Manchester takes the top spot as the UK’s leading growth city across multiple sectors according to a report which looks into growth prospects for a range of real estate sectors across the 50 largest regional towns and cities in the UK.
In CBRE’s ‘Which City? Which Sector? Real estate prospects over the next decade’ report, the city was ranked first in offices, urban logistics and self storage, student accommodation, multi family housing, single family housing and was second only to Oxford and Cambridge in life sciences.
Findings were informed by economic drivers (including GDP, employment and income growth), demographic trends and property market data such as supply pipeline, local universities and housing affordability. The top 10 performing cities and growth sectors were identified.
John Ogden, managing director – North at CBRE, said:
“When identifying key growth markets for office real estate, economic and demographic factors are fundamental. Manchester features top in CBRE’s rankings, partly because it is expected to benefit from the strongest GDP growth. The size of the talent pool is another key factor used when forecasting office demand and Manchester is ranked first for growth in working age population and office employment.”
Supply factors are also key when considering a market’s ability to support future demand. In the flight to quality office space, CBRE expects pre-letting of development space to continue. 29% of space under construction is already pre-let or under offer in eight of the top ten markets where CBRE tracks pipeline data.
Manchester was also ranked first ahead of Nottingham and Edinburgh in the purpose-built student accommodation (PBSA) sector.
“The success of the UK PBSA sector is intricately linked to the demand for higher education, so it is easy to see how Manchester would rise to the top spot as home to The University of Manchester which is the largest and most applied to university in the UK. The UK PBSA sector is characterised by an imbalance in demand supply and we anticipate this imbalance will remain a feature of the sector as demand for PBSA continues to outstrip the pace of development.”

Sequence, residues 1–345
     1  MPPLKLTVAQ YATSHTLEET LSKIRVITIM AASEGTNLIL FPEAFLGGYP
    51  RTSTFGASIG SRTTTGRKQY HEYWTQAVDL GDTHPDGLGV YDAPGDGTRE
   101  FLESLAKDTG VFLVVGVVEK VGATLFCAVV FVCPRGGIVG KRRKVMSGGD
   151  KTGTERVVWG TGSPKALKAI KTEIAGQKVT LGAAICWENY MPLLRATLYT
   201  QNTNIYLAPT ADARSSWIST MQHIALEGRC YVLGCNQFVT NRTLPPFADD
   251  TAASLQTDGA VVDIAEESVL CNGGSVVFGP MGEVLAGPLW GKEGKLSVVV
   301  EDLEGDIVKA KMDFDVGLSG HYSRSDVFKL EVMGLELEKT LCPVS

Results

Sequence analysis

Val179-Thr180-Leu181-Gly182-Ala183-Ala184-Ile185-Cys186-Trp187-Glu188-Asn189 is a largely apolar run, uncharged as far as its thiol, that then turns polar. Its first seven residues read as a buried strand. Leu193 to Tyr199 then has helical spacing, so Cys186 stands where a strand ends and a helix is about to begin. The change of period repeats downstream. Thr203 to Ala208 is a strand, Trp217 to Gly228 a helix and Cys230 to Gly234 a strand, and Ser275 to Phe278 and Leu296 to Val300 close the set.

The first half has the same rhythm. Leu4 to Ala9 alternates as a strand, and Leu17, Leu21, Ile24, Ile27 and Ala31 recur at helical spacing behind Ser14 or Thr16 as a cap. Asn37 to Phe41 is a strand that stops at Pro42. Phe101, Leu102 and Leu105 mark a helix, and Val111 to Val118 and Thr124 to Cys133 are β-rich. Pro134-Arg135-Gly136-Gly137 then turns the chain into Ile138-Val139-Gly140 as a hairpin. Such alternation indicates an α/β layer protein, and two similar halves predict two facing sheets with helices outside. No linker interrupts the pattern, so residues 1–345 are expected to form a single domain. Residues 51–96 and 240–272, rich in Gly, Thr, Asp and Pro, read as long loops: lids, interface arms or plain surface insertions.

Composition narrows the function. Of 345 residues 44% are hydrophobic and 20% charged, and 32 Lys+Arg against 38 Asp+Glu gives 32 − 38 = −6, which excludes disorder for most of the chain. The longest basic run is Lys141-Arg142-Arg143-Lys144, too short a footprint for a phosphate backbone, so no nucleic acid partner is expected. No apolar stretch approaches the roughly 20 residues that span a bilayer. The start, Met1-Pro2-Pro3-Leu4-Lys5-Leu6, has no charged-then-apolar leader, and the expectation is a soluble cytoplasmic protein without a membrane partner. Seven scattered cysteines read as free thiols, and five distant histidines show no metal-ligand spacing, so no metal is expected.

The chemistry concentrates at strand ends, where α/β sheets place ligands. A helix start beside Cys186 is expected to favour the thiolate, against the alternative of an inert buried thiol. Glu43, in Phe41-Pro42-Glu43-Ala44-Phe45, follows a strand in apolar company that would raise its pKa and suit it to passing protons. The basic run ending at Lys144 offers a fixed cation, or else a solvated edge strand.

With ongoing growth in online shopping a major driver in the demand for urban logistics space, CBRE identified locations with a high online penetration percentage, access to high-speed internet and a forecasted growth in population by age groups with online spend propensity. Manchester was ranked number one, ahead of Bristol and Sheffield, with 10.63% growth of 34-49 year olds. Labour availability for future urban logistics facilities was considered with Manchester having large available labour pools which future logistics occupiers could access. Additionally, urbanisation and lifestyle changes are driving self storage demand particularly in cities which are forecast to experience strong GDP and disposable income growth such as Manchester.
Manchester was ranked third in the life sciences sector with Cambridge and Oxford claiming first and second spots respectively. London, Oxford and Cambridge are widely acknowledged as the traditional epicentres of the UK life sciences sector and have continually evolved. Despite already being established as hubs for innovation, the future trajectory of both Oxford and Cambridge remains strong. Manchester has circa 2million square foot of lab space coming online by the end of the decade making it the regional centre of excellence.